#5
  6. Captain Lon

    w_tom Guest

    First, a power supply can test just fine on those testers
    and still fail in the computer. The best load is a computer.
    The best tester is a 3.5 digit multimeter that also provides
    essential numbers. Numbers that report more about that power
    supply's health AND other parts of the power supply system.
    The power supply system is not just a power supply.
    Summarizes of how to check a power supply were posted
    previously in:
    "Computer doesnt start at all" in alt.comp.hardware on 10
    Jan 2004 at
    http://tinyurl.com/2t69q and
    "I think my power supply is dead" in alt.comp.hardware on 5
    Feb 2004 at
    http://tinyurl.com/yvbw9 .

    In your case, most important first numbers are from purple
    wire before powering computer and from purple, gray, and green
    wire after power button is pressed.

    Second, can motherboard damage a power supply? No, as
    others have stated. Correctly posted was a reply even 30
    years ago. Short together all power supply outputs, and still
    the supply must not be damaged by that short circuit. Power
    supplies even 30 years ago protected themselves from load
    damage.

    Function (that the power supply manufacturer should have
    provided in writing) is called overpower protection. However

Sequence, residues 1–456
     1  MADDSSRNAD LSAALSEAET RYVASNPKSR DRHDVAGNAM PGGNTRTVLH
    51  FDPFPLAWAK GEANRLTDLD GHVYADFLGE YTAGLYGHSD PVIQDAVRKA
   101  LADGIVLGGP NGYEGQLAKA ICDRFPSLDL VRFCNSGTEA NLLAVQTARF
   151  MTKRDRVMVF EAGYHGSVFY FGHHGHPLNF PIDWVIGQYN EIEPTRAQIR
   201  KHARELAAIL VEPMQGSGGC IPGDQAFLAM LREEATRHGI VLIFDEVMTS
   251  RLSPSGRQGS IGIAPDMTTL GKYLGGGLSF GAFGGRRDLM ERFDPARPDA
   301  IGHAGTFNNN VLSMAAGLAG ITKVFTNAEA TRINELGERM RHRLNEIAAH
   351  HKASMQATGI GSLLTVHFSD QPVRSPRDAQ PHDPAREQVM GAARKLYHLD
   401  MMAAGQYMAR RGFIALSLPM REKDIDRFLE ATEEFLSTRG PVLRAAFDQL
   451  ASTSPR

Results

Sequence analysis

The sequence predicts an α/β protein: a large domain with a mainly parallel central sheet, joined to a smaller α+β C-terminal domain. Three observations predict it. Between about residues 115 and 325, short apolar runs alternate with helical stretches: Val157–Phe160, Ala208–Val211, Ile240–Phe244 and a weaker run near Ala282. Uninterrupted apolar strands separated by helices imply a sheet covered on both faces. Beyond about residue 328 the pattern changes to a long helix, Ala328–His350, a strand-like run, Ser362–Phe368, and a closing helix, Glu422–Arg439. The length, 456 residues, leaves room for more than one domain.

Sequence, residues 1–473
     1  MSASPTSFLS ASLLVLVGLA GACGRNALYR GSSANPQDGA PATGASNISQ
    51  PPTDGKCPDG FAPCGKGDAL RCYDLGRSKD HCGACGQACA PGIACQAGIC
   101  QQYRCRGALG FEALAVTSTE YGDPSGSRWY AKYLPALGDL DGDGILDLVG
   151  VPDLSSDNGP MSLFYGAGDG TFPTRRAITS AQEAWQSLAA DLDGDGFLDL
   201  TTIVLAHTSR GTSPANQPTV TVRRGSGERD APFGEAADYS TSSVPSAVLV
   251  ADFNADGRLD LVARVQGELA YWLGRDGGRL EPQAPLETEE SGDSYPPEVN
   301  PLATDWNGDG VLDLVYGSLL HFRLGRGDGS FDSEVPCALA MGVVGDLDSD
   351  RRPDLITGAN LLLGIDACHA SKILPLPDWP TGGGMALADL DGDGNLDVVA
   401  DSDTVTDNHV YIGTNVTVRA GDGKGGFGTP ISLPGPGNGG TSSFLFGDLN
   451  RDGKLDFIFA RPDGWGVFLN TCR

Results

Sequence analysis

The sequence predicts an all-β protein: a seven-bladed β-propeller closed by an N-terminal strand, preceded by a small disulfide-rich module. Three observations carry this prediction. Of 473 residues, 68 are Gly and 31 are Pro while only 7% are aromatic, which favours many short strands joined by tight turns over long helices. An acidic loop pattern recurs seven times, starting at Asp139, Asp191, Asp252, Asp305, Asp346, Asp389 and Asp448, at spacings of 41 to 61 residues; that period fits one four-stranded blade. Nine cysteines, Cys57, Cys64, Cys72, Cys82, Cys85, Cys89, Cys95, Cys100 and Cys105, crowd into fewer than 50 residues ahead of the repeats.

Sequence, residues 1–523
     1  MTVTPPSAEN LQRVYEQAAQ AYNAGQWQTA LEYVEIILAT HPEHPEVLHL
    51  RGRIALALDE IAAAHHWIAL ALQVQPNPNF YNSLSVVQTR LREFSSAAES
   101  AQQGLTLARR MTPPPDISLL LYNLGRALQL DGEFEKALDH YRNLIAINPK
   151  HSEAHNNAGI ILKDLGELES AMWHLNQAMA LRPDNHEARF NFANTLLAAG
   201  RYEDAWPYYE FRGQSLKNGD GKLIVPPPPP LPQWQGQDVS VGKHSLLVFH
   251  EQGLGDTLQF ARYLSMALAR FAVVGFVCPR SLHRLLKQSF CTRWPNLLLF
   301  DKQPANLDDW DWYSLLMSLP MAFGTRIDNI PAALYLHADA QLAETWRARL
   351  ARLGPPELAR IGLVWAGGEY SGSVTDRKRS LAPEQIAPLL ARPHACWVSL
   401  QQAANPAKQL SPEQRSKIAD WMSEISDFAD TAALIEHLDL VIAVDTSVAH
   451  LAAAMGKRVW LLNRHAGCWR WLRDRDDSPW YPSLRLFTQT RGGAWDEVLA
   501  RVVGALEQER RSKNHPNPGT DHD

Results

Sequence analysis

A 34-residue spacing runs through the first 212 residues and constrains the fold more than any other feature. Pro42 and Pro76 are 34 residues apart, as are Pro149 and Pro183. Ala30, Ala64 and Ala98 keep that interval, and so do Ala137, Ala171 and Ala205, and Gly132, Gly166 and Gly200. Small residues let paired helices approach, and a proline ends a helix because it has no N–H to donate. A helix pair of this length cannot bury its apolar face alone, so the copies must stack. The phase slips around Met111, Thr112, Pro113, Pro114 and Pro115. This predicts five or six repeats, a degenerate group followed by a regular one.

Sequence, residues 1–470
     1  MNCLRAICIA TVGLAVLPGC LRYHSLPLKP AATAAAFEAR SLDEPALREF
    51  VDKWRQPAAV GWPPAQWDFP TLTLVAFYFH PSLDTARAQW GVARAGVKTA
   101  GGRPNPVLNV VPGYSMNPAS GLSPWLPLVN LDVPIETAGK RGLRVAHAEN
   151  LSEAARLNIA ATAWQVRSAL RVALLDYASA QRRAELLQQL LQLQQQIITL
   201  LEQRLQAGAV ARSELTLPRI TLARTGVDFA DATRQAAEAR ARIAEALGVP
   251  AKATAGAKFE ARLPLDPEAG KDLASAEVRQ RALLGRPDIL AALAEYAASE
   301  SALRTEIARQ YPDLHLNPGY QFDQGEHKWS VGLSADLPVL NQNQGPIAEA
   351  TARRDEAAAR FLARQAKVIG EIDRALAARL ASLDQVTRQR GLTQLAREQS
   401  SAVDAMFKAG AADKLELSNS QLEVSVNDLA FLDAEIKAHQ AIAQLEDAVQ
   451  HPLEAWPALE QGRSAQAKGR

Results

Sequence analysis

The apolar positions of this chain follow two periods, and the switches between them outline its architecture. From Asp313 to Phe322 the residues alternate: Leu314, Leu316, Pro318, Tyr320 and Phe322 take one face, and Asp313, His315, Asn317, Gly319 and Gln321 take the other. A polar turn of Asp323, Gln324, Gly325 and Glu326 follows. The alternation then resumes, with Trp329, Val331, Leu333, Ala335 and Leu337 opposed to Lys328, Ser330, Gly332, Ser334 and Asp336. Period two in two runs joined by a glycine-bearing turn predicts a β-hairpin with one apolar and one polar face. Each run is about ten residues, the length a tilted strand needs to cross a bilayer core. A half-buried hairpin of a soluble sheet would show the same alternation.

power supply manufacturers that are missing essential and
    required functions also forget to provide written specs.
    Claim nothing and one cannot be held liable for the defective
    product. Therefore inferior supplies forget to provide
    written specifications.

    There is no faster way to confirm the integrity of, or
    locate the defective component in your power supply 'system'.
    Get a meter and have important numbers in but two minutes.
    Even if those numbers mean nothing to you, to others those
    numbers provide far more information than yet posted. Without
    those numbers, currently, your responses are mostly
    speculation.

    Captain Lon wrote:
    > Tom wrote: > Did you check the supply under load?
    >
    > How would I do that in this situation? I did not have a working
    > computer, so I am puzzled as to how to go about this.
     
    w_tom, Jul 7, 2005
    #6